by Dr. Miriam Horne, Associate Professor, CORE; edited by Caroline Toy, CLT
Collaborative classrooms provide benefits for student learning and development. By implementing collaborative teaching practices, whether remotely or in person, faculty can strengthen the learning experience and foster community for students.
Why use collaboration in and outside the classroom?
- Vygotsky’s Zone of Proximal Development theory shows how students are able to develop higher-order thinking when they work with other people drawing on different skills, passions, and knowledge
- Collaboration can help students build connections with each other (especially important in virtual/remote learning and for first-year students)
- Students are able to practice their social interaction skills
- Working together for a common goal helps students build trust and community
- Collaboration builds confidence and self-esteem
Setting Up Collaborations
- Start small – set up dyads and triads so students can’t get lost in a larger group
- Start early – use small-group collaboration right at the beginning of the semester so student have the opportunity to get to know other people
- Start casually – don’t worry too much about who works with whom
This guidance gives you an opportunity to assess the development of collaboration. Who works well together? Who clashes? What are students’ current levels of readiness for group work? Gathering this information will help you structure more complex and long-term collaborations, like major projects, later in the course.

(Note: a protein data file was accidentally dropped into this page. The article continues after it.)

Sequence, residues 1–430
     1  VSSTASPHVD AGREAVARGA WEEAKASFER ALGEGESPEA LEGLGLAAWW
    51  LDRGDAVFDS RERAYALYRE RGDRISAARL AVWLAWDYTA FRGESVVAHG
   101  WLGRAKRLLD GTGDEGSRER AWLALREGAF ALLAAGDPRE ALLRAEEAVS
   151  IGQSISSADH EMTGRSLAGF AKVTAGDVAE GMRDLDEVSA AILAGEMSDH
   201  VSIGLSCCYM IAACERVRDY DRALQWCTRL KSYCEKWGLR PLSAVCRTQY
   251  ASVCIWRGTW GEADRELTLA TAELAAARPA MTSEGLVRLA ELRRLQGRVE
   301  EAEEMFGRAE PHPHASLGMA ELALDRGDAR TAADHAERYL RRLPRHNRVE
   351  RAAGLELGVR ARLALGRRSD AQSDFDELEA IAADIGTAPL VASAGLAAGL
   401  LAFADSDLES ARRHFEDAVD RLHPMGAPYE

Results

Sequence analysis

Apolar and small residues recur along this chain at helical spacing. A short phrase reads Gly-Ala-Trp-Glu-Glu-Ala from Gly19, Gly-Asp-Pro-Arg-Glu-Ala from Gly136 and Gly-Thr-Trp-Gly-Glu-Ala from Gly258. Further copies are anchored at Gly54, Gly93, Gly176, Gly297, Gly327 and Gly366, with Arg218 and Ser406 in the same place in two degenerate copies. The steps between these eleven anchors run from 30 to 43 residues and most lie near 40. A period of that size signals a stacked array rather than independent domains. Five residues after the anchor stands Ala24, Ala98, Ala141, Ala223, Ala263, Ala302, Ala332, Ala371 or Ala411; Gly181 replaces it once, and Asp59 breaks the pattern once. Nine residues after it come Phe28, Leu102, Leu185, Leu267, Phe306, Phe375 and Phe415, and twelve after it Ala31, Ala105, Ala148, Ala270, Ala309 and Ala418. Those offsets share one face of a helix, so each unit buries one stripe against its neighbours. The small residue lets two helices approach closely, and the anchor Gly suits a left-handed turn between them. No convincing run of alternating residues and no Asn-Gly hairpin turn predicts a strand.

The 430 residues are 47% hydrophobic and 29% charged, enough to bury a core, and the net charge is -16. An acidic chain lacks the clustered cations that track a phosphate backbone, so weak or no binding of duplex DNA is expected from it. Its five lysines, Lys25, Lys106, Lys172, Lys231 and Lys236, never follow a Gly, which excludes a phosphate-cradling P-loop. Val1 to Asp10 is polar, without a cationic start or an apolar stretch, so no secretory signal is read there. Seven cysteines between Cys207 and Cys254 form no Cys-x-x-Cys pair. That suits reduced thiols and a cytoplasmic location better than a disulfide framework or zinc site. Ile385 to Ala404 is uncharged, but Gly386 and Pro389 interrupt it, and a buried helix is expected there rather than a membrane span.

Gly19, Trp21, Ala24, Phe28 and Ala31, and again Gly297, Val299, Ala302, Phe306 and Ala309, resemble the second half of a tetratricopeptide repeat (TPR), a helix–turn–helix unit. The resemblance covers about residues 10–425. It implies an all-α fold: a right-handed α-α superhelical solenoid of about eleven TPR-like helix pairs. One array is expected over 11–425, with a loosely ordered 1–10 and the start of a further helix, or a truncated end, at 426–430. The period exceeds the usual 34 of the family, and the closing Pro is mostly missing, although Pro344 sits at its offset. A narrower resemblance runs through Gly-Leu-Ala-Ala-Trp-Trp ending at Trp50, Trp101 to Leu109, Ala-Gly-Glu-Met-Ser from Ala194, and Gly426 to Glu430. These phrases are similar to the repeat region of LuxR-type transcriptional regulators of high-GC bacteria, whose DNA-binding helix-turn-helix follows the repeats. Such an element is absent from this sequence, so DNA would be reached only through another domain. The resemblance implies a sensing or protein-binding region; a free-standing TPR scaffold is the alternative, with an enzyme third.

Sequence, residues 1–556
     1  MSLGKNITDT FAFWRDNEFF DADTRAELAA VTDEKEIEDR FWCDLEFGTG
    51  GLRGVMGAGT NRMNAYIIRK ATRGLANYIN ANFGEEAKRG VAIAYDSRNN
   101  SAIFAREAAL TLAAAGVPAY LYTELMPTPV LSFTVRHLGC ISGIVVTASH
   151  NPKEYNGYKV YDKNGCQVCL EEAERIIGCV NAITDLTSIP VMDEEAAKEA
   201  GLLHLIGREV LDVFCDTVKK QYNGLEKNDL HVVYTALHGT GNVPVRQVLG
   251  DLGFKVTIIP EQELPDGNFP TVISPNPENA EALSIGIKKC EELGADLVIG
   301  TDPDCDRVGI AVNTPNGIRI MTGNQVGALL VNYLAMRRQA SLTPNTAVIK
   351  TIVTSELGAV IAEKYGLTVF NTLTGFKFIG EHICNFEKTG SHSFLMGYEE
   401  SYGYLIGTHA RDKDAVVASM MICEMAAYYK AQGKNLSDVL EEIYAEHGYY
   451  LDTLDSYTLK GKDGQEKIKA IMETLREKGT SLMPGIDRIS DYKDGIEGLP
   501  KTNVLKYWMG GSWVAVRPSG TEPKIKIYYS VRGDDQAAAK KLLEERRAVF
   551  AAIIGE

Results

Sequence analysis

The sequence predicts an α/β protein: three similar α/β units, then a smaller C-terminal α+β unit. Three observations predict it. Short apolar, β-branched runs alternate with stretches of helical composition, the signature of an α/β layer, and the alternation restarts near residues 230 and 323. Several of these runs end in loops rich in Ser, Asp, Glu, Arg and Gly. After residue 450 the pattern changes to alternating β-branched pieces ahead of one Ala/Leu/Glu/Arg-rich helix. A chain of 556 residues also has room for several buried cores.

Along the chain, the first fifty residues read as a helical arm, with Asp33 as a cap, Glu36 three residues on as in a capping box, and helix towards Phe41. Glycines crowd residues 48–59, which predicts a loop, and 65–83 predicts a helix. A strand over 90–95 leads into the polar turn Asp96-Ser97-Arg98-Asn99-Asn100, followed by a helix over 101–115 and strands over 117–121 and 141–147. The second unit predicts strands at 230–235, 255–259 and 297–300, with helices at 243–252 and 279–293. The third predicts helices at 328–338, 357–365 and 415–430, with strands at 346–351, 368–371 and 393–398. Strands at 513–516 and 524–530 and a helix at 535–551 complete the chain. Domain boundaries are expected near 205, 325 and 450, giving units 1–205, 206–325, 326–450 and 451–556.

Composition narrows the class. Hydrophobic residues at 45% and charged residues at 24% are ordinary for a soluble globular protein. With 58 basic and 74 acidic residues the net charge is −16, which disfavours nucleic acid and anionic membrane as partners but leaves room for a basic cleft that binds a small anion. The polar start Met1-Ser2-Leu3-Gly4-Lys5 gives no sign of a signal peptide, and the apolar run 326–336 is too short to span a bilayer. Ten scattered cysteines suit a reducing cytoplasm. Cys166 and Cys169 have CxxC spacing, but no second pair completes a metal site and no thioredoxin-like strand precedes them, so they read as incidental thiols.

Early and informal collaborations can be an essential component of building a sense of community. This is also true in virtual learning environments. Canvas provides options for student collaboration. You might also consider using Google Suite or third-party collaborative reading and annotation tools like Perusall or Hypothesis, whether your course is in-person or remote.
Examples of Collaborations
- Buzz groups – form small random groups (in the classroom or in Canvas), and ask students to communicate outside of class time about a specific text you have assigned for class. Start with specific questions to scaffold the reading process for students. Students then post on the discussion board and include how their buzz group helped them shape their ideas about the text. Buzz groups might also use tools like Google Docs or Jamboard.
- Peer consulting groups – for this longer-term strategy, create groups of two or three students to brainstorm and discuss an assignment that involves the creation of an individual substantial work (not a group project). Individuals create proposals for the assignment and then receive feedback from their peer consulting group. This can be done using the peer feedback tool in Canvas or through in-person meetings, with or without the instructor.
Examples of Collaboration for In-Person and Virtual Learning
- Examples of Collaborative Learning or Group Work Activities (Cornell University’s Center for Teaching Innovation)
- Active and Collaborative Learning (University of Maryland’s Teaching and Learning Transformation Center)
- Interactive Classroom Activities (Brown University’s Harriet W. Sheridan Center for Teaching and Learning)